Date Published: 2019-05-10
Date Updated: 2019-05-10
Humans take vitamins almost every day to improve their lifestyle, so why can’t dogs take them, too?
If you’re a dog parent, that question has most likely come up in conversation at some point. You’re also probably wondering if dogs need vitamins, if there are risks in giving your dog vitamins, and if you really should give them a daily dose of vitamins or not. We’ll cover all that today in this article.
Let’s get started.
What are the Most Common Vitamins?
Vitamins are generally in many food sources, but a lot of people would rather take vitamin supplements to be sure that they have an adequate amount in their bodies. The most common vitamins are:
– Vitamin A
– B vitamins – biotin, niacin, folate, riboflavin, thiamine, etc.
– Vitamin C
– Vitamin D
– Vitamin E
– Vitamin K
And yes, dogs do need these vitamins in their diet. However, the amounts that they’ll need will differ from what we typically need in our bodies.
Vitamin A for Dogs
Vitamin A can is known to be present in carrots. Just like the legend says, vitamin A will promote good vision. This vitamin will also help aid your dog with cell development, immune function, and growth.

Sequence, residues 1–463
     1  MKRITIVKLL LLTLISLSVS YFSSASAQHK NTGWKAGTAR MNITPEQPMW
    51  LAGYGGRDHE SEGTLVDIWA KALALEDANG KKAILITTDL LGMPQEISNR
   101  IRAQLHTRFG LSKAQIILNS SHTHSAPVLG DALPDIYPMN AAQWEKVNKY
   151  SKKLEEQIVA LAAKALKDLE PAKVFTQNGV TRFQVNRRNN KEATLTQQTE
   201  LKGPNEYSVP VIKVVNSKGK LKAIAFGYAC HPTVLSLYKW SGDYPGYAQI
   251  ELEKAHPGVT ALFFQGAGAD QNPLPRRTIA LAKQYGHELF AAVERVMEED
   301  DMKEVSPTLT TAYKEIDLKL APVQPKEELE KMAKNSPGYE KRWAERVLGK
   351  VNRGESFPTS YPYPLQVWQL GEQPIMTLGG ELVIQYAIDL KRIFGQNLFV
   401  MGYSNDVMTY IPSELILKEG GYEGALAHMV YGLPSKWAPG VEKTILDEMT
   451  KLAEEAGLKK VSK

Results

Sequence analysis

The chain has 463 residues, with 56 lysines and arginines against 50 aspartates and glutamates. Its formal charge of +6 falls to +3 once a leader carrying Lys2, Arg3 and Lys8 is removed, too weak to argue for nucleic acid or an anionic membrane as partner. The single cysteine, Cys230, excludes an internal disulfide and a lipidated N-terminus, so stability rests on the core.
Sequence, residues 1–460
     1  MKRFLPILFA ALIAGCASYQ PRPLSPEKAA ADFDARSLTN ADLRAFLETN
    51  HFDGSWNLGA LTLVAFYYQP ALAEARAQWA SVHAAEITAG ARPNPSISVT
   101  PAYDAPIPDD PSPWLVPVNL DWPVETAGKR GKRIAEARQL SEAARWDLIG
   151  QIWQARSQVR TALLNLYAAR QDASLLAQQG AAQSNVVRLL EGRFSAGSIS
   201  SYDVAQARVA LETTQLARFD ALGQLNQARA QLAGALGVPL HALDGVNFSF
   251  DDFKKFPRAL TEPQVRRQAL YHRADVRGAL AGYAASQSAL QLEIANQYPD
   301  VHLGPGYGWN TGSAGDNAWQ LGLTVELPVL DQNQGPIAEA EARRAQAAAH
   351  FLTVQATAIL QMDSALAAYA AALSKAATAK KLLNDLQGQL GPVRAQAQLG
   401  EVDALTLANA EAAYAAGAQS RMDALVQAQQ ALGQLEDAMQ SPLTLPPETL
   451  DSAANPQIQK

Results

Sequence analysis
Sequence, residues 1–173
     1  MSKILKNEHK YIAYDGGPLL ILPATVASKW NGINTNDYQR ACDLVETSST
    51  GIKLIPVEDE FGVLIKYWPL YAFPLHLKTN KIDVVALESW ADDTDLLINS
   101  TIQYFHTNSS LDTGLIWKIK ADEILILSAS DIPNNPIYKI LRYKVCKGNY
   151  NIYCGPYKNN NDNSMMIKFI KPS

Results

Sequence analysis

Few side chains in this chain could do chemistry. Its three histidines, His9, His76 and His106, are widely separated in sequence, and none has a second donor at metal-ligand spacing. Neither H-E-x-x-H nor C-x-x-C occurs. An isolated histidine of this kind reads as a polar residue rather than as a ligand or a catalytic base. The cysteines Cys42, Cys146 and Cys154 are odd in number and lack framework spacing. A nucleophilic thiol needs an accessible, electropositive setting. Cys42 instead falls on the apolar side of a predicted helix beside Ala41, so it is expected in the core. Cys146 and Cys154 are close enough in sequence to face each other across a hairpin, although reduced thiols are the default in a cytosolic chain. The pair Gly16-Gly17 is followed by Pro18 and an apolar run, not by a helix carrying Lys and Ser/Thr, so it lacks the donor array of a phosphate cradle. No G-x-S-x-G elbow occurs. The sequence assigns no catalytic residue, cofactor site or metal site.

B Vitamins for Dogs
There are several types of B vitamins, so we’ll try to cover most of them.
Thiamine will help regulate your dog’s energy levels. It will also help promote normal metabolic processes.
Riboflavin, B12, and niacin will assist in enzyme functioning.
Vitamin B6 will help improve nerve function and red blood cell production. It can also assist in immune function and hormone regulation.
Vitamin C for Dogs
Vitamin C is known for its antioxidant properties. It can help reduce inflammation and prevent sickness. These health benefits are always good to have on your side.
Vitamin D for Dogs
Vitamin D helps your dog balance and store minerals like calcium for healthy bone growth. Without this vitamin, your dog would have a difficult time maintaining healthy bones and muscle tissue.
Vitamin E for Dogs
Vitamin E helps out with daily cell functioning and fat metabolism processes. If your dog is deficient in this vitamin, he or she may have eye and muscle issues later in life.
Vitamin K for Dogs
Vitamin K is one of the primary nutrients responsible for clotting blood in your dog’s body. This vitamin is essential for maintaining healthy blood processes.
Choline is responsible for promoting healthy liver and brain functioning. Sometimes, choline is used to treat symptoms having to do with epilepsy.
All in all, your dog generally gets a sufficient amount of these vitamins in his or her daily food. If you think your dog is not getting the right amounts of each of these vitamins, speak with your veterinarian and see what the best solution is. Often, changing your dog’s food source will do the trick just fine, mainly depending on what stage of life your dog is at.